I found Nigel Nicolson's Long Life (Weidenfeld, £20) fascinating. I belong to the same generation, and his colourful description of the ups and downs of his public and family life aroused in me both nostalgia and déjàvu.
Like Norman Stone I am convinced that Ian Mitchell in his The Costs of a Reputa- tion: Aldington versus Tolstoy (Topical Books) is correct in his well argued new assessment of the famous libel case. There was hanky-panky in the Foreign Office and Ministry of Defence so that key documents were available to the prosecution but not to the defence; skilfully handled, they could have produced a con- trary verdict.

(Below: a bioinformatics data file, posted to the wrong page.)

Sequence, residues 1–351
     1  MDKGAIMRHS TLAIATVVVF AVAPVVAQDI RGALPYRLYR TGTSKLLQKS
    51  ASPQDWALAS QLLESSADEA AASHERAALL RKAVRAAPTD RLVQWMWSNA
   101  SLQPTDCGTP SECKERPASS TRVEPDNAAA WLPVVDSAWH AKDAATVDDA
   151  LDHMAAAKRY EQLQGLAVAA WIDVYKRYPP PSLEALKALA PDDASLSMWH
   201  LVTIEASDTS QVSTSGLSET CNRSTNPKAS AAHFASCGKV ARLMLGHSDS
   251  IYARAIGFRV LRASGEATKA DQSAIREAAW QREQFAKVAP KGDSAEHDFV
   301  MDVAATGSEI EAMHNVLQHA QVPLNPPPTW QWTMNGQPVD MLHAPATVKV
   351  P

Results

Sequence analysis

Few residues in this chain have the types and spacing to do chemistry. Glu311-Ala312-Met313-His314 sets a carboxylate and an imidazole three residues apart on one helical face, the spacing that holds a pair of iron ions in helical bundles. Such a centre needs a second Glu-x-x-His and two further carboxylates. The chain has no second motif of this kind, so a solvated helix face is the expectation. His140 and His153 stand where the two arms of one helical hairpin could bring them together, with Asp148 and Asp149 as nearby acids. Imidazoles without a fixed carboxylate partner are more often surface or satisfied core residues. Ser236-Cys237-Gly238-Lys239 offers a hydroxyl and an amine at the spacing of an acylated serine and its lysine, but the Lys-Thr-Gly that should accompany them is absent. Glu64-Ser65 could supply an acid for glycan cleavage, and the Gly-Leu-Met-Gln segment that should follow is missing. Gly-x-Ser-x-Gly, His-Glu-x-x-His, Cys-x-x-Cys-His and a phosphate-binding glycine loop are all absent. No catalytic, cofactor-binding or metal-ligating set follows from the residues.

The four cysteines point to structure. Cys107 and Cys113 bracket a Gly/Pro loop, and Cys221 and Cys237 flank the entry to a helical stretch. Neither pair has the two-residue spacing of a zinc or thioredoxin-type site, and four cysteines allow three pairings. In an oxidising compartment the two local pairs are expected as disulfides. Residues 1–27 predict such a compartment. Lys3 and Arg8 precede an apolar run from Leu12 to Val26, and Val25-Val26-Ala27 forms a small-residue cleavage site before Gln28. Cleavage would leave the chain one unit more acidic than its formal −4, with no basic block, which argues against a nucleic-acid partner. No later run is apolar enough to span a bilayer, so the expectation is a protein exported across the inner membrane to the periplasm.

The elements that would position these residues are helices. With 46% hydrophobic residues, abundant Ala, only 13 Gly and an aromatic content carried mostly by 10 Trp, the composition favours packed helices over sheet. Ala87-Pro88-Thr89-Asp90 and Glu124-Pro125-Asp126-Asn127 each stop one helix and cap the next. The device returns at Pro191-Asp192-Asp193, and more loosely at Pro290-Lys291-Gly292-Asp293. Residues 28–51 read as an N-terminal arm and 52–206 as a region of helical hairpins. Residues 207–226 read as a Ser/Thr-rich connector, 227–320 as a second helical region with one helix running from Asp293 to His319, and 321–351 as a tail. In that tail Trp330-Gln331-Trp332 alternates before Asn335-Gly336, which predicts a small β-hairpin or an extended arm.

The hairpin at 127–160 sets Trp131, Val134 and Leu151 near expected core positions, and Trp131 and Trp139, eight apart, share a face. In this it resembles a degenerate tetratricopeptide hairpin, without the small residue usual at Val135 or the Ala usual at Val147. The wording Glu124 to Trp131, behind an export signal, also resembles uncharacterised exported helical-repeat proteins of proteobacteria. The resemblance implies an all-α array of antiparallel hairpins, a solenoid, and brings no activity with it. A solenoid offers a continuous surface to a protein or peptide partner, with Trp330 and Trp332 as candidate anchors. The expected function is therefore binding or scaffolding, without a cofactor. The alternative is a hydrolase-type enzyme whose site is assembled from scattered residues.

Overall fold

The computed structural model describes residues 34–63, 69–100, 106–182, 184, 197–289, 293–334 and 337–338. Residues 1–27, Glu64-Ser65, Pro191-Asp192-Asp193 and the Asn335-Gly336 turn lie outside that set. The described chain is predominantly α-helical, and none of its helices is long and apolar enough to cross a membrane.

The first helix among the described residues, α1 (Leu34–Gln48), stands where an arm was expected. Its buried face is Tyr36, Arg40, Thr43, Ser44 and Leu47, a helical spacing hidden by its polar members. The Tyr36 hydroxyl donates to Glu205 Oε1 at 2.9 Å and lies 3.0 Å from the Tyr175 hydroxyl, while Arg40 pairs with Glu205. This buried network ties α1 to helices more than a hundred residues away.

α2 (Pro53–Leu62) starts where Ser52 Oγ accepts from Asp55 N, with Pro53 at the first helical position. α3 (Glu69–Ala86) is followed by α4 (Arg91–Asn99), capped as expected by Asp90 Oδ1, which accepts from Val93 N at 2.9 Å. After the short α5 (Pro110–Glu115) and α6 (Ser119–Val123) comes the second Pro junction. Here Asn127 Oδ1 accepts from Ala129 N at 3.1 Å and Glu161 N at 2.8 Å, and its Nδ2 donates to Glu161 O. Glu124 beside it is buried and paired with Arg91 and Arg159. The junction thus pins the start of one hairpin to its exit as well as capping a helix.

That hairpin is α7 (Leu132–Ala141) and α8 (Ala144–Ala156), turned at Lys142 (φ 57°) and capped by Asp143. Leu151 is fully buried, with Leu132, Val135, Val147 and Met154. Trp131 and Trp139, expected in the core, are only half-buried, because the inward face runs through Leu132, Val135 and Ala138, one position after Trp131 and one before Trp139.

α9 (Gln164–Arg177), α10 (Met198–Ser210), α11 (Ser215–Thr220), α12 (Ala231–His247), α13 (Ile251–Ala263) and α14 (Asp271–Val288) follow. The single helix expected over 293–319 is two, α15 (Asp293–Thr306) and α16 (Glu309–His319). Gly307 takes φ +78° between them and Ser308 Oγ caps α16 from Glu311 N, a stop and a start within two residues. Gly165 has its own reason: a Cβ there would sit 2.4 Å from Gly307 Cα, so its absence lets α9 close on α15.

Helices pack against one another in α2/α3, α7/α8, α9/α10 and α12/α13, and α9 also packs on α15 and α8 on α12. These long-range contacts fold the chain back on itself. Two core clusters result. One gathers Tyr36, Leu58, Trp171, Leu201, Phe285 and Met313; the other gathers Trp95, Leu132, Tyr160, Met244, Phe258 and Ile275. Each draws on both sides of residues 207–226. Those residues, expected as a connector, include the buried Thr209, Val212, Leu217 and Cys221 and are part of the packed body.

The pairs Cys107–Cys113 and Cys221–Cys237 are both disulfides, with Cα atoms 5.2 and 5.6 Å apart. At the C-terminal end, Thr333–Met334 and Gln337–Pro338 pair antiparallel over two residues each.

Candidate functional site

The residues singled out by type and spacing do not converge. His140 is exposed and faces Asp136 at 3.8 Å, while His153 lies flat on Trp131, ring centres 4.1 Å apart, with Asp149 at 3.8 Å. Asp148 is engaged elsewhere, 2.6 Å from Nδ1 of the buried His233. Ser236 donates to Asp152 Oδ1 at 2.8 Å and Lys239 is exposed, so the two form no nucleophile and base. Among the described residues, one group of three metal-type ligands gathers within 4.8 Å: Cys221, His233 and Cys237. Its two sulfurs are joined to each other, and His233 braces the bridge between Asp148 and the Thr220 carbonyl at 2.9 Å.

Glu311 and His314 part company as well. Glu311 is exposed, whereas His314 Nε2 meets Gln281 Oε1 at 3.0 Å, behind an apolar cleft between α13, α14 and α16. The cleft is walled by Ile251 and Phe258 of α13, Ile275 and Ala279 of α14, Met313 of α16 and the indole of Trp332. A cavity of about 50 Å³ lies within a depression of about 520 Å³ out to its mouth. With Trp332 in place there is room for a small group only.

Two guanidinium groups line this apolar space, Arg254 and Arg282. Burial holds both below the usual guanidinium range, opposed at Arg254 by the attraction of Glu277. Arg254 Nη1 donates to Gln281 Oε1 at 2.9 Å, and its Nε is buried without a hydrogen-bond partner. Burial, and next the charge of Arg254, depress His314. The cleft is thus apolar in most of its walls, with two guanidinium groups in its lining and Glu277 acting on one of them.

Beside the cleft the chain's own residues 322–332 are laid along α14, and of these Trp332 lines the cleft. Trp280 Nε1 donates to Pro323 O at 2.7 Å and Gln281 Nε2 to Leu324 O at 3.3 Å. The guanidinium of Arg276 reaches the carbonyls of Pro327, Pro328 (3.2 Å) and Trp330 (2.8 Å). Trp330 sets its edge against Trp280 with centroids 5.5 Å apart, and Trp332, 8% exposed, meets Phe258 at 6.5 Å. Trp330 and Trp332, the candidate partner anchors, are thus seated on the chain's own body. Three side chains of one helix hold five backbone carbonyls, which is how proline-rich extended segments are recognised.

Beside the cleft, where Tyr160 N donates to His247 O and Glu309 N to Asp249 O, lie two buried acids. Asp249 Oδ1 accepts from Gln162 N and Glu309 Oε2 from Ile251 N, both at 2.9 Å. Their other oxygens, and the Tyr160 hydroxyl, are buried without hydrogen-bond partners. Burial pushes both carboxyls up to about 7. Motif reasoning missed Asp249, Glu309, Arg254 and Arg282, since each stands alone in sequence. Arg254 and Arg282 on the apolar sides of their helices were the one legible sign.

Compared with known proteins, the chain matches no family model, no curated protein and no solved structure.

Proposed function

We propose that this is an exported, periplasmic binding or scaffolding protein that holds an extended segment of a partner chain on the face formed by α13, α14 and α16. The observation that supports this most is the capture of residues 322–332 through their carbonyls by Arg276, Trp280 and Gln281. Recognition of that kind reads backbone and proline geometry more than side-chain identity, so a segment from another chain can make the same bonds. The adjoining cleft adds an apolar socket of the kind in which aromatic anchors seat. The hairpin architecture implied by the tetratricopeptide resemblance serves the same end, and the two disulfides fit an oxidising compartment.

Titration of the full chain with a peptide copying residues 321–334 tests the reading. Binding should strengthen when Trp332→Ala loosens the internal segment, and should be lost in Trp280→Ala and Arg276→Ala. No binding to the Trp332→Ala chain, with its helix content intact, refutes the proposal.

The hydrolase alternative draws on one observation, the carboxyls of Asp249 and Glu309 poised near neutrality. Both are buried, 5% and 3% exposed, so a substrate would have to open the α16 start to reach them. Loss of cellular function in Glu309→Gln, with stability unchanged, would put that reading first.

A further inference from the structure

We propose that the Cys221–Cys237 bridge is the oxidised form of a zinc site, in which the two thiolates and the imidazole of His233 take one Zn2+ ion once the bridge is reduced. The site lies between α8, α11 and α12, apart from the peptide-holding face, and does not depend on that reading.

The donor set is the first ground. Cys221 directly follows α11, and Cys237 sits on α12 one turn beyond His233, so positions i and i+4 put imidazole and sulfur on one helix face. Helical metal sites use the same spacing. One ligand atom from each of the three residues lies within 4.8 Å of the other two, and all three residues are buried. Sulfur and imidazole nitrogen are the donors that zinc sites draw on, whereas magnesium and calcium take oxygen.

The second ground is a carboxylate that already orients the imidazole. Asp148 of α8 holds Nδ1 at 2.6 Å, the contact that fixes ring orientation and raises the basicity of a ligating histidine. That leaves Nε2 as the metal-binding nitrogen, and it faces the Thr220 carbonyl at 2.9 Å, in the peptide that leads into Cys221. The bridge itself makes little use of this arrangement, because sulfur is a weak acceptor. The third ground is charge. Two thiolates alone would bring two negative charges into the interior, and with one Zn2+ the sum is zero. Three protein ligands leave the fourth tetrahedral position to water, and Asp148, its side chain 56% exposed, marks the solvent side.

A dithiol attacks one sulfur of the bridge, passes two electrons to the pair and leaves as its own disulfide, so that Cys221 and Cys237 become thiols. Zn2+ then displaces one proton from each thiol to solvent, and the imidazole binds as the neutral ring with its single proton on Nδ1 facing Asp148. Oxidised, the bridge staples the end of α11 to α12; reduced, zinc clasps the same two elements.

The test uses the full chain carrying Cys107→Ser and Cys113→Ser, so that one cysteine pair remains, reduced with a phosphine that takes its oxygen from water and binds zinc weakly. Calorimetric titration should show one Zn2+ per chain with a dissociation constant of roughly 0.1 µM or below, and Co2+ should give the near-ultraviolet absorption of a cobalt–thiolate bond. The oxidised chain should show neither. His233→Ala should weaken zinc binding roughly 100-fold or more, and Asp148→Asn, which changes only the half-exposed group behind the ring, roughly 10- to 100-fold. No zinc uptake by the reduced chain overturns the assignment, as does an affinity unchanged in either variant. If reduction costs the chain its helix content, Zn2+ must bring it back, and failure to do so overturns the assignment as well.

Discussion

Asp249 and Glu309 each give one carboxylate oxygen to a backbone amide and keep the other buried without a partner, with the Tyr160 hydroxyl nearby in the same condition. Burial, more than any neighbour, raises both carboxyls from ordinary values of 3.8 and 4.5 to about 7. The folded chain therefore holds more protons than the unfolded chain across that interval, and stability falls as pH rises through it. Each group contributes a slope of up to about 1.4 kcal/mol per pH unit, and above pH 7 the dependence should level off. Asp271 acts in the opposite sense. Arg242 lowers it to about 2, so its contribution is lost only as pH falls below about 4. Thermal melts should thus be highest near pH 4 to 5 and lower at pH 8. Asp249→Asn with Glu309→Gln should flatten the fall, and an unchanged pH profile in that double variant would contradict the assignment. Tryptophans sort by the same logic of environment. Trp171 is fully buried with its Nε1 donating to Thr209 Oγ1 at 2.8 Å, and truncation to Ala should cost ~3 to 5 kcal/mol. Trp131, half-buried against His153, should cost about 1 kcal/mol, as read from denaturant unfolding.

The most enjoyable novel I encountered was Francis King's Dead Letters (Constable, £16.99): the story of a beautiful hetero- sexual Australian boy who is befriended by a dying Sicilian writer who is married to a Swede and modelled on Lampedusa. Francis King describes vividly the contrast between Australia and the life-style of the decaying aristocracy in sun-drenched Palermo, and paints poignantly the bizarre way in which their emotional involvement developed.